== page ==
The debate over prescription drug monitoring in Missouri hit yet another stalemate Tuesday — and this one just might kill the bill.
Missouri is the only state without a prescription drug monitoring program. The Senate last week approved a House bill that would bring Missouri in line with other states. But that bill had several amendments tacked on.
Those amendments — one that would limit the drug monitoring program to opioids and benzodiazepines and another that would purge records from the system after 180 days — may prove too high an obstacle to overcome.
On Tuesday, the House failed to accept the Senate amendments and has now requested a conference committee to work out the differences.
Rep. Holly Rehder, bill sponsor and longtime proponent of drug monitoring, said both the amendments are problematic. Rehder’s objective will be to make sure the drug monitoring system can maintain data for a longer period.
She said medical professionals need about two years’ worth of prescription data to determine whether a patient is struggling with an addiction.
“The 180 days is a deal breaker,” said Rehder, a Sikeston Republican.
But Sen. Will Kraus, a Lee’s Summit Republican who offered that amendment, sees 180 days as the absolute longest it would be acceptable for a government agency to maintain prescription data.
Kraus doesn’t see much room for compromise. In fact, he said 90 days would be sufficient.
“If we move, we should go south,” Kraus said. “We should go less.”
The disagreement over how long data must be kept comes from a larger disagreement over the purpose of a drug monitoring program.
Proponents of a data purge say the programs are effective not in preventing addiction and abuse, but in preventing illegal doctor shopping. Doctor shopping is the practice of moving from prescriber to prescriber to acquire large amounts of prescription drugs.
“They say this is to stop doctor shopping,” Kraus said. “Now they want to change this bill to be one where we want to see if you may have a problem, so they need two years of information. I’m just not comfortable keeping people’s information in databases for two years, especially people who have done nothing wrong.”
But Rehder insists it’s not a doctor-shopping bill. She said it’s about providing holistic care.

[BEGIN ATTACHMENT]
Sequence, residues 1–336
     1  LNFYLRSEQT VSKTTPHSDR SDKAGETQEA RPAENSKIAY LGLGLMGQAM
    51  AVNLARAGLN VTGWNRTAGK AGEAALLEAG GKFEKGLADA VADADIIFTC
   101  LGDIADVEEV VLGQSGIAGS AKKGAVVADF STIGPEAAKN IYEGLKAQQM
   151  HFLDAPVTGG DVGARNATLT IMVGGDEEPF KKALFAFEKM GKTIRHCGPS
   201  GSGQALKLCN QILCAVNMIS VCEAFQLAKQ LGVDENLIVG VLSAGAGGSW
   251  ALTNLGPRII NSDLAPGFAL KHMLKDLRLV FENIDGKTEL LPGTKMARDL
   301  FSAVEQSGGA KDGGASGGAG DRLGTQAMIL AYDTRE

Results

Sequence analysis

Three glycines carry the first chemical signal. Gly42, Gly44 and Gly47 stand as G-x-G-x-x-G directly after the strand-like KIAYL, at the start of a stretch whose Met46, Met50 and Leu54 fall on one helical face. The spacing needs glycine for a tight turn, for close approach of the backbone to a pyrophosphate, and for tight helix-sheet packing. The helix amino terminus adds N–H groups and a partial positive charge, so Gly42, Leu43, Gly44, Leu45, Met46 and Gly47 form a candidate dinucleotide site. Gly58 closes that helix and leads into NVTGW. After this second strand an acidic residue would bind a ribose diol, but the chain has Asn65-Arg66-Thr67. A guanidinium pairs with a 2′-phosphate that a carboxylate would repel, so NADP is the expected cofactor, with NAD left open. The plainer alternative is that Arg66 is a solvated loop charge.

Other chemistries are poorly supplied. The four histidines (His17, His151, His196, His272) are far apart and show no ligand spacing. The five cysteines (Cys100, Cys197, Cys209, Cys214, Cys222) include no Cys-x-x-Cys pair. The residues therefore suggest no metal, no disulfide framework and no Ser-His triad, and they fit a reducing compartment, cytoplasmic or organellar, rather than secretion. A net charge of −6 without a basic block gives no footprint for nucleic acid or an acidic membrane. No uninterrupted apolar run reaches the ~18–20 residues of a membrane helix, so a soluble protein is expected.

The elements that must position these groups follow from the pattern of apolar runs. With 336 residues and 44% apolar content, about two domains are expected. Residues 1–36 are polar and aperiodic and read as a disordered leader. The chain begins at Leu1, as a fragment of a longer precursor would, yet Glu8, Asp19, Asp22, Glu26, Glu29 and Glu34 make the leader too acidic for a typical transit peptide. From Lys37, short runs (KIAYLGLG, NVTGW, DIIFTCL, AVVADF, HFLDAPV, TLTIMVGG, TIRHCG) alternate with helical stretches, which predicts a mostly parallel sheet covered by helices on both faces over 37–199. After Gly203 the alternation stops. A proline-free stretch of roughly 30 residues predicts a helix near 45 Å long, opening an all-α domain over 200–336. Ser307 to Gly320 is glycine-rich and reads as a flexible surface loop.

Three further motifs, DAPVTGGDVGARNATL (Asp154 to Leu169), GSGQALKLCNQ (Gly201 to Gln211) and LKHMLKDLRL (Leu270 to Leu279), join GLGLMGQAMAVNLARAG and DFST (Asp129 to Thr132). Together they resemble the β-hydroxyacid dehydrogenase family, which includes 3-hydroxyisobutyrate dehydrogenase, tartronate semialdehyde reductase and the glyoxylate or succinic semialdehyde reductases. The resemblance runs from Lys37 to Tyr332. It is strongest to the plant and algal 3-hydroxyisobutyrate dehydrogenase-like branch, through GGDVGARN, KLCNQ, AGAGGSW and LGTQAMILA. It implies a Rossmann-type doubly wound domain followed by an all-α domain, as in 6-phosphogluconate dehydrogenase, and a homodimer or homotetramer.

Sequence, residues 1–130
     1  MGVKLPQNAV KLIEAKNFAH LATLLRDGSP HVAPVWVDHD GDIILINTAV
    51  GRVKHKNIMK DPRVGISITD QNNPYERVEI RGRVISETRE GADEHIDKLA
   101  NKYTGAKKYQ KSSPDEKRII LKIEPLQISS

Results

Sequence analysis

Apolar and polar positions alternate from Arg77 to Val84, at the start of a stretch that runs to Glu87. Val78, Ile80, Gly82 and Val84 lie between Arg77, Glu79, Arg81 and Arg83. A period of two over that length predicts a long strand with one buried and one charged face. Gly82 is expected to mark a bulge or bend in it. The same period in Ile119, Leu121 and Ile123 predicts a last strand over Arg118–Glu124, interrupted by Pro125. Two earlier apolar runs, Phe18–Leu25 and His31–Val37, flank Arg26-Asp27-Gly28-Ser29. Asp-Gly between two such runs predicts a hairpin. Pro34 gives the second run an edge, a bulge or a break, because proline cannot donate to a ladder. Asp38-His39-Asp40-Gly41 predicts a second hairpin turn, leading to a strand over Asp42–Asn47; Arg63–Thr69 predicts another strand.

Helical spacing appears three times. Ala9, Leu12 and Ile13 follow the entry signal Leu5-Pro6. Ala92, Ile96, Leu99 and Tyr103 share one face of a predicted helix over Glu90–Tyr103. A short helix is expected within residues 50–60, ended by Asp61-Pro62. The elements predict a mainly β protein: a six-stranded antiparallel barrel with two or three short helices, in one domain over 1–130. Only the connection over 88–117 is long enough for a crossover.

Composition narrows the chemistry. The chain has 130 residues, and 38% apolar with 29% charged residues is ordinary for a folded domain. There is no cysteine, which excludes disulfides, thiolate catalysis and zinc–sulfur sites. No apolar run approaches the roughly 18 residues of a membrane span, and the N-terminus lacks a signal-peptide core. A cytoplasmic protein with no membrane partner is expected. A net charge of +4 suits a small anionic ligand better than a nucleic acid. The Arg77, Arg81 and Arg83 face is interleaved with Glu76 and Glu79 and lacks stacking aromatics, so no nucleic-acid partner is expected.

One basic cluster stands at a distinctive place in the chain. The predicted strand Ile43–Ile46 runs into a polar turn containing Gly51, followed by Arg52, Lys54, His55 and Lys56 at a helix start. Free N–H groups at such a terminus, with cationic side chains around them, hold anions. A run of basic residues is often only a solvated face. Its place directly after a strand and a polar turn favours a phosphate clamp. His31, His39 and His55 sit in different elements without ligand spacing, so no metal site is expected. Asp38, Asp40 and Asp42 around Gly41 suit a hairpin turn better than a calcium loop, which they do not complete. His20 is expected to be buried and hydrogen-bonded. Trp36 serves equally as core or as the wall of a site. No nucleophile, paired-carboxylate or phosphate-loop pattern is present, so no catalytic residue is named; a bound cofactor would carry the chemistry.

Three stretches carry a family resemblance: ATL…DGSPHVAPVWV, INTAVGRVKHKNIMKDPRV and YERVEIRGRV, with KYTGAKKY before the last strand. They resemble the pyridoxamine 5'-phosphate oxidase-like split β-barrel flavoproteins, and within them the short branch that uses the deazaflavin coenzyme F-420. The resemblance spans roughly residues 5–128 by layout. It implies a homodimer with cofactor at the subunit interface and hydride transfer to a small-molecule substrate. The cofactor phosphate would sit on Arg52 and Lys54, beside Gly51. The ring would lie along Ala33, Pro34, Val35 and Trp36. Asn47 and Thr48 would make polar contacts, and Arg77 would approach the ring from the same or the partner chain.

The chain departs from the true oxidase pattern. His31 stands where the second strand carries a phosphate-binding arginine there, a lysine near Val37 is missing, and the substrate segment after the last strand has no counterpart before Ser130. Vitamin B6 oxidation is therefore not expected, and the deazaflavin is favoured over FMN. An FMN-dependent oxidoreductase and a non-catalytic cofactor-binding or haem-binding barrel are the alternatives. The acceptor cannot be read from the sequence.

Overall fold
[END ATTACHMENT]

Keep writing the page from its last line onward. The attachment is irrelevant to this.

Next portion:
“Purging it after 180 days really does not help someone who is having those early signs of addiction,” she said. “And that’s what we want our physicians to be able to detect and start helping their patients back towards a healthy lifestyle.”
Rehder also took issue with the amendment that limited the types of drugs recorded in the database, pointing to the growing abuse of drugs such as Adderall and Ritalin.
For years, prescription drug monitoring has been held up by Sen. Rob Schaaf, a St. Joseph Republican who said drug monitoring is an invasion of privacy.
So when Schaaf announced two weeks ago that he no longer intended to fight the bill, proponents were hopeful this might be the year. His only requirement — an amendment that would make use of the program mandatory for all physicians — passed with relatively little opposition.
Even if the state prescription drug monitoring program doesn’t pass, many Missourians are still having their prescriptions monitored by a growing county system. It includes some of the state’s largest counties and cities: Jackson County, Kansas City, Independence, St. Louis and St. Louis County.
The increase in counties adopting prescription drug monitoring was one of the factors that caused Schaaf to resign his stance. But Kraus said he’d still rather have a county system than a statewide system without a 180-day limit.
Kraus comes from a county that has a drug monitoring system — one that does not purge data.
“At least my information won’t get out of Jackson County,” he said. “It won’t be with everybody else in the state.”
Rehder said she remains optimistic that a compromise can be reached for a state program.
But Sen. Denny Hoskins, a Warrensburg Republican who is among the Senate opponents of the program, isn’t so thrilled with the idea of a compromise.
“Whether you drink a gulp of spoiled milk or a sip of spoiled milk,” Hoskins said, “it’s still spoiled milk.”